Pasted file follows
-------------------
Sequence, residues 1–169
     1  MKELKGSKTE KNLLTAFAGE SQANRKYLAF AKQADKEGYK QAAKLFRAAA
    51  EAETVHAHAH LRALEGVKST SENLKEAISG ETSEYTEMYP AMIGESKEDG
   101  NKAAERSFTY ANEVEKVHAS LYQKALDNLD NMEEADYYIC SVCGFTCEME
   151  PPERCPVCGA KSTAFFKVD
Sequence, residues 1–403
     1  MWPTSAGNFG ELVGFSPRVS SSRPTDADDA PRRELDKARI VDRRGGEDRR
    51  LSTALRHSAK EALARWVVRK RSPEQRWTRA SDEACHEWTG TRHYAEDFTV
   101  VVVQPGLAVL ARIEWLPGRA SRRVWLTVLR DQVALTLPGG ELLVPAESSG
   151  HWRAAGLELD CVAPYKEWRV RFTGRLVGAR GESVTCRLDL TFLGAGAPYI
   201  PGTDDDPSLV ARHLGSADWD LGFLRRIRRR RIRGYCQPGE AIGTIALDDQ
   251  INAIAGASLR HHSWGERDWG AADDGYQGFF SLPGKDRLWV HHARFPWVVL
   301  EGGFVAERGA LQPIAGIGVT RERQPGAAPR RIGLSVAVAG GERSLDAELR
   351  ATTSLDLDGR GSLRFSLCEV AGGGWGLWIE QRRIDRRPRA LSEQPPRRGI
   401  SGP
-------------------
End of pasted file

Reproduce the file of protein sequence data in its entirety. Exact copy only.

Sequence, residues 1–169
     1  MKELKGSKTE KNLLTAFAGE SQANRKYLAF AKQADKEGYK QAAKLFRAAA
    51  EAETVHAHAH LRALEGVKST SENLKEAISG ETSEYTEMYP AMIGESKEDG
   101  NKAAERSFTY ANEVEKVHAS LYQKALDNLD NMEEADYYIC SVCGFTCEME
   151  PPERCPVCGA KSTAFFKVD
Sequence, residues 1–403
     1  MWPTSAGNFG ELVGFSPRVS SSRPTDADDA PRRELDKARI VDRRGGEDRR
    51  LSTALRHSAK EALARWVVRK RSPEQRWTRA SDEACHEWTG TRHYAEDFTV
   101  VVVQPGLAVL ARIEWLPGRA SRRVWLTVLR DQVALTLPGG ELLVPAESSG
   151  HWRAAGLELD CVAPYKEWRV RFTGRLVGAR GESVTCRLDL TFLGAGAPYI
   201  PGTDDDPSLV ARHLGSADWD LGFLRRIRRR RIRGYCQPGE AIGTIALDDQ
   251  INAIAGASLR HHSWGERDWG AADDGYQGFF SLPGKDRLWV HHARFPWVVL
   301  EGGFVAERGA LQPIAGIGVT RERQPGAAPR RIGLSVAVAG GERSLDAELR
   351  ATTSLDLDGR GSLRFSLCEV AGGGWGLWIE QRRIDRRPRA LSEQPPRRGI
   401  SGP